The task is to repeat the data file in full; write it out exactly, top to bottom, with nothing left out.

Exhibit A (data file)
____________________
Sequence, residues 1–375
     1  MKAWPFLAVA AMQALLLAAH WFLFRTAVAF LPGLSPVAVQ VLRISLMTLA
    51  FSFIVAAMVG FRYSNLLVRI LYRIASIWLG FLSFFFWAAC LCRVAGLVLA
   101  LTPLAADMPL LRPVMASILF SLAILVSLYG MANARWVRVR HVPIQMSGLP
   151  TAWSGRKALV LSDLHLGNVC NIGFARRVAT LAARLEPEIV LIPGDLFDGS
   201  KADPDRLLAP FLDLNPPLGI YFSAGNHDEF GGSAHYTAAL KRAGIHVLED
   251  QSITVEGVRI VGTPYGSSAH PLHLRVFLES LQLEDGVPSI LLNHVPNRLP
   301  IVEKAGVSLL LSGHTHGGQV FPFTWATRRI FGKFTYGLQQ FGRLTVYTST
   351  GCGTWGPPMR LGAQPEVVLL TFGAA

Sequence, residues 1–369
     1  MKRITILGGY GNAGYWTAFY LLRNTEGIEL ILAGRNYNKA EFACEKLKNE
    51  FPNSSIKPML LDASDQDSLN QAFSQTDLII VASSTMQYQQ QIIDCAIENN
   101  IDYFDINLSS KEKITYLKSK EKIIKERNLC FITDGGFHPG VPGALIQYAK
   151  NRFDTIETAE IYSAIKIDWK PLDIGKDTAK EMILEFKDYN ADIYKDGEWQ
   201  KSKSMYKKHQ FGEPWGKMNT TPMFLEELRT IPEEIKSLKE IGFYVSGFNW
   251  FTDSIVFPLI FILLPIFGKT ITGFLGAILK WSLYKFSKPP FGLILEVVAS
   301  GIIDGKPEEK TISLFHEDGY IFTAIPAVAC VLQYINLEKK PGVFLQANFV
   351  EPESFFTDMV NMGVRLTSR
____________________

Sequence, residues 1–375
     1  MKAWPFLAVA AMQALLLAAH WFLFRTAVAF LPGLSPVAVQ VLRISLMTLA
    51  FSFIVAAMVG FRYSNLLVRI LYRIASIWLG FLSFFFWAAC LCRVAGLVLA
   101  LTPLAADMPL LRPVMASILF SLAILVSLYG MANARWVRVR HVPIQMSGLP
   151  TAWSGRKALV LSDLHLGNVC NIGFARRVAT LAARLEPEIV LIPGDLFDGS
   201  KADPDRLLAP FLDLNPPLGI YFSAGNHDEF GGSAHYTAAL KRAGIHVLED
   251  QSITVEGVRI VGTPYGSSAH PLHLRVFLES LQLEDGVPSI LLNHVPNRLP
   301  IVEKAGVSLL LSGHTHGGQV FPFTWATRRI FGKFTYGLQQ FGRLTVYTST
   351  GCGTWGPPMR LGAQPEVVLL TFGAA

Sequence, residues 1–369
     1  MKRITILGGY GNAGYWTAFY LLRNTEGIEL ILAGRNYNKA EFACEKLKNE
    51  FPNSSIKPML LDASDQDSLN QAFSQTDLII VASSTMQYQQ QIIDCAIENN
   101  IDYFDINLSS KEKITYLKSK EKIIKERNLC FITDGGFHPG VPGALIQYAK
   151  NRFDTIETAE IYSAIKIDWK PLDIGKDTAK EMILEFKDYN ADIYKDGEWQ
   201  KSKSMYKKHQ FGEPWGKMNT TPMFLEELRT IPEEIKSLKE IGFYVSGFNW
   251  FTDSIVFPLI FILLPIFGKT ITGFLGAILK WSLYKFSKPP FGLILEVVAS
   301  GIIDGKPEEK TISLFHEDGY IFTAIPAVAC VLQYINLEKK PGVFLQANFV
   351  EPESFFTDMV NMGVRLTSR